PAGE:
Teaching Kids the ABC’s of Money
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By Bromwich+Smith Staff | 941 words | Reading Time: 4 minutes, 42 seconds| Last Update: 2022/06/06
As parents, we teach our kids how to walk, how to talk and how to make friends. We help them with skinned knees, driving them to after school activities and birthday parties. What parents often forget to teach kids about it the ABC’s and 1-2-3’s of financial responsibility. Here are some simple tips to give your children the information they need to for money success at any age- who knows mom and dad might learn something too!
Tips for Preschoolers and Kindergartners
1. Use a clear jar to save.
Many kids will start their savings with a piggy bank, and while it is a great idea, it doesn’t give children a visual. When you use a transparent jar, kids can see their money growing with each addition. This can be an exciting way for kids to learn that saving money has benefits.
2. Lead by example.
Kids often follow “monkey see, monkey do”. Take your kids with you to the bank or have them sit with you while you pay bills online. By showing your children healthy money habits now will set them up to follow your lead when they get older.
3. Show them that “things” cost money.
Help them spend their hard-earned money by taking a few dollars out of their clear jar to take with them to the store. Let them decide on an item to buy with their money and talk about what they had to do to earn that money. By knowing that the one item was worth 2 weeks of keeping their bedroom clean will put a value to the work they did, and the money earned. Once they have decided to purchase an item let them physically hand the money to the cashier to understand they do not get to keep their money and the item.
Tips For Elementary Aged Children
1. Show opportunity cost.
That’s just another way of saying, “If you buy this video game today, then you won’t have the money to go to a movie with your friends tomorrow.” At this age, our children should understand that we work to earn money, and that there are not unlimited funds.
2. Give allowances based on merit.
A weekly allowance should never be expected, but rather earned. Consider paying a set amount for each task, not a lump sum for a time period. I.e. $1 for taking out the trash, $2 for cleaning their room, $5 for mowing the grass etc. By putting a price to the task, it helps place a value on the item.
3. Avoid impulse purchases.
Kids this age will often see something and want it in that moment. Instead of giving in to impulse buying, set boundaries. Let them know that this item isn’t in your budget for that day and if they want it, they will need to purchase it with their money. Often knowing they will not receive the item for free will discourage the purchase. Suggest thinking about the item and coming back later to purchase. Don’t be afraid to put your foot down, not every trip needs to result in a reward or purchased toy.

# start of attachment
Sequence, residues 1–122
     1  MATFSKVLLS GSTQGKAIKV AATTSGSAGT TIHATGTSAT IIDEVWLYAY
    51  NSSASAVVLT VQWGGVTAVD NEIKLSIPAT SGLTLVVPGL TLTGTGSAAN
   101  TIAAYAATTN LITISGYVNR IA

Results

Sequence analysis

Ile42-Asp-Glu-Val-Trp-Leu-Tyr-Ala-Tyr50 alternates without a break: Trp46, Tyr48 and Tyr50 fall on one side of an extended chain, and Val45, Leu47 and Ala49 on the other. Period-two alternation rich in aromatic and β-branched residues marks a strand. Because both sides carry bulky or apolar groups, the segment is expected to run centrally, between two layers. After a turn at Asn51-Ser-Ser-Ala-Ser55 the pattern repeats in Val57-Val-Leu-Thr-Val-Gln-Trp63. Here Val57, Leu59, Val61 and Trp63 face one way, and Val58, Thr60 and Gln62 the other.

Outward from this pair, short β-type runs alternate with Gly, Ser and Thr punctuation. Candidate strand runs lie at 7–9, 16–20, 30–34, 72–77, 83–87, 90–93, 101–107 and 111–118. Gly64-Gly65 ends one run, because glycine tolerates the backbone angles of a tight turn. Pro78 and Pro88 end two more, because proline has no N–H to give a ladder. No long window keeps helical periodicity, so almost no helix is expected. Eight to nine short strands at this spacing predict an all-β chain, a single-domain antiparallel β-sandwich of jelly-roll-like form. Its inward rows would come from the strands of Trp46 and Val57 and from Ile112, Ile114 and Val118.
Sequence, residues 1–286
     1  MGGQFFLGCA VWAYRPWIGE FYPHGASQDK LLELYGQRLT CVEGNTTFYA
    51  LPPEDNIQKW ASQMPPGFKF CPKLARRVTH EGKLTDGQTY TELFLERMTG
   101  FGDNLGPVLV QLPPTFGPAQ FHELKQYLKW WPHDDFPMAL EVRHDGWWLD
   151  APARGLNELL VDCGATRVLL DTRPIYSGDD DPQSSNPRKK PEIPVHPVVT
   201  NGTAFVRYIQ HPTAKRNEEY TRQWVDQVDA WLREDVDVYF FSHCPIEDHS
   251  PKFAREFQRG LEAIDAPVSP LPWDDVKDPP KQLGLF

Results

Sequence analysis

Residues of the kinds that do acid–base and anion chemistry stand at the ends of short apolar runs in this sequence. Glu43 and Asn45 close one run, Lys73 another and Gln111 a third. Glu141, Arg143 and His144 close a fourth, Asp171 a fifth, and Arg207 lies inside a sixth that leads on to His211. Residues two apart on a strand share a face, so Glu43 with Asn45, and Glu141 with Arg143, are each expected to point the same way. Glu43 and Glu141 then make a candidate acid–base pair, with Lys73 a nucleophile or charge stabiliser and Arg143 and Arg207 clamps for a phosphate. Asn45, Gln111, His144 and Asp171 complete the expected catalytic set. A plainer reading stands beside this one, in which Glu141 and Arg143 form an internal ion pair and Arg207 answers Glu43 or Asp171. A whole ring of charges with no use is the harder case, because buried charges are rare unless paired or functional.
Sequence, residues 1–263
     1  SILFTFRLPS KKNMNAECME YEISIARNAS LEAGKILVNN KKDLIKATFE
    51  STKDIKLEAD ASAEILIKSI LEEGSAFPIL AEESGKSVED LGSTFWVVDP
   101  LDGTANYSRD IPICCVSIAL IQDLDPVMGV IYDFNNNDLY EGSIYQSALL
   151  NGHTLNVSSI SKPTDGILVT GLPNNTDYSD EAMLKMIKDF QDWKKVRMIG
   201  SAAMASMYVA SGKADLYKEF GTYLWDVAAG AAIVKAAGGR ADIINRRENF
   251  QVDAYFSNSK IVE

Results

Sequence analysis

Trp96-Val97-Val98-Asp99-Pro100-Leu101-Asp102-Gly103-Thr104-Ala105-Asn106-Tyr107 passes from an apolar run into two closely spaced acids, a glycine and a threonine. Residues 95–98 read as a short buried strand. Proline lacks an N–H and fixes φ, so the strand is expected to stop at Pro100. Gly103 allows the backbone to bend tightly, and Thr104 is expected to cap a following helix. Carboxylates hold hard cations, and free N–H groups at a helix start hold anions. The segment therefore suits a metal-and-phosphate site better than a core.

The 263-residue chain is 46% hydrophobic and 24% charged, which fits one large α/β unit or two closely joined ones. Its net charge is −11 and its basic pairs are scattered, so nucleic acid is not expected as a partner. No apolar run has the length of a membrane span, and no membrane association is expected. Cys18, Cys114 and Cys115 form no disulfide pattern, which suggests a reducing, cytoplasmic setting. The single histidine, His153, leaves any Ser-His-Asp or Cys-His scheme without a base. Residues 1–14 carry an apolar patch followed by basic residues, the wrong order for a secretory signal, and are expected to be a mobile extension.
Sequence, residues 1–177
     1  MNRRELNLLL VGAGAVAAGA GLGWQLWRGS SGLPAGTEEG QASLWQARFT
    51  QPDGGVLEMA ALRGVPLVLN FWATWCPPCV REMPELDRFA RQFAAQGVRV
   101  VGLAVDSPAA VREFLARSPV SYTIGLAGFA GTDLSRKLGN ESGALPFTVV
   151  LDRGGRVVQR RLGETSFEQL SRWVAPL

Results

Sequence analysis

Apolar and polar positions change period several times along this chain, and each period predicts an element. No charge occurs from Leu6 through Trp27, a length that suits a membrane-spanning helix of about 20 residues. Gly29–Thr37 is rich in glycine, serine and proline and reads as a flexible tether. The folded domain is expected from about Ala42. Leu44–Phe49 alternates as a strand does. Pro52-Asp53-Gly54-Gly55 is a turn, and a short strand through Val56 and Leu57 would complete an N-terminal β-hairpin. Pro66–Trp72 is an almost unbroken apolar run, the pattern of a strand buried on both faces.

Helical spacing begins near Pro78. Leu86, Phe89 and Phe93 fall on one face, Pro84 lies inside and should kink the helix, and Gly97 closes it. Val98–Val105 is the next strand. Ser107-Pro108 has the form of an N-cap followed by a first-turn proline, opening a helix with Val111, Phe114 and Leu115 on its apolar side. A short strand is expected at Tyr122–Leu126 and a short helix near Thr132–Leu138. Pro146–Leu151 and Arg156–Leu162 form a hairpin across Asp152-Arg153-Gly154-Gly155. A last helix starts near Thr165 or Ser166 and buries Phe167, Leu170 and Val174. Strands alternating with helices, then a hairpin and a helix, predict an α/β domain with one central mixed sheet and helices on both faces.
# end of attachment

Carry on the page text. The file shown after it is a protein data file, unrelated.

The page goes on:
4. Giving back.
Once they start to have a little money and understand the value, encourage them to give back to their community by finding a charity that they want to support. Many kids will choose animal shelters, or food banks. Suggest donating a percent of their money or suggest asking for money donations for their birthday instead of gifts, which can go towards their chosen cause. Another way to raise money would be to sell unwanted items like old toys or clothes- which as a bonus helps mom and dad declutter the house!
Tips for Teenagers
1. Give them the responsibility of a bank account.
This takes money management to the next level and will (hopefully) prepare them for managing a much heftier account when they get older. Some banking institutions offer programs where mom and dad can directly deposit allowance or earned money to their account, so teens are spending their own earned money.
2. Set up college savings.
You may have already set up an education savings plan, if not don’t worry there’s no time like the present to start. Does your teen plan on working a summer job? Perfect! Talk to your teen about placing a portion in a college savings account. This will help them feel like they are contributing toward their education and give them ownership of their education.
3. Teach them the danger of credit cards.
As soon as your child turns 18, they will be overwhelmed with credit card offers—especially once they’re in college. Have the talk early on about why debt is a bad idea, but how to start building their own credit in responsible ways.
4. Get them on a simple budget.
Since your teen is probably attached to their cell phone anyway, get them started on a simple budgeting app. Now is the time to help your teen budget—no matter how small.
Start while they are still living at home. Start by showing them your budgets, where your money comes from, how much goes towards taxes, housing costs, and how you allocate the remaining funds each month.
Remember Bromwich+Smith is here to help, and we know learning about money at any age takes time. An early start to learn about managing money, sets them up for true success.
f you are interested to learn more check out this CTV segment about Money and Teaching our kids visit: https://www.youtube.com/watch?v=wARgkmWO5pI
If helping your child learn about money is overwhelming, or if you are facing financial difficulty know that you are not alone, we're here to help. Call us today to receive an initial free, no obligation, confidential consultation by phone 1-855-884-9243. You can also request a call. Let’s see you flourish!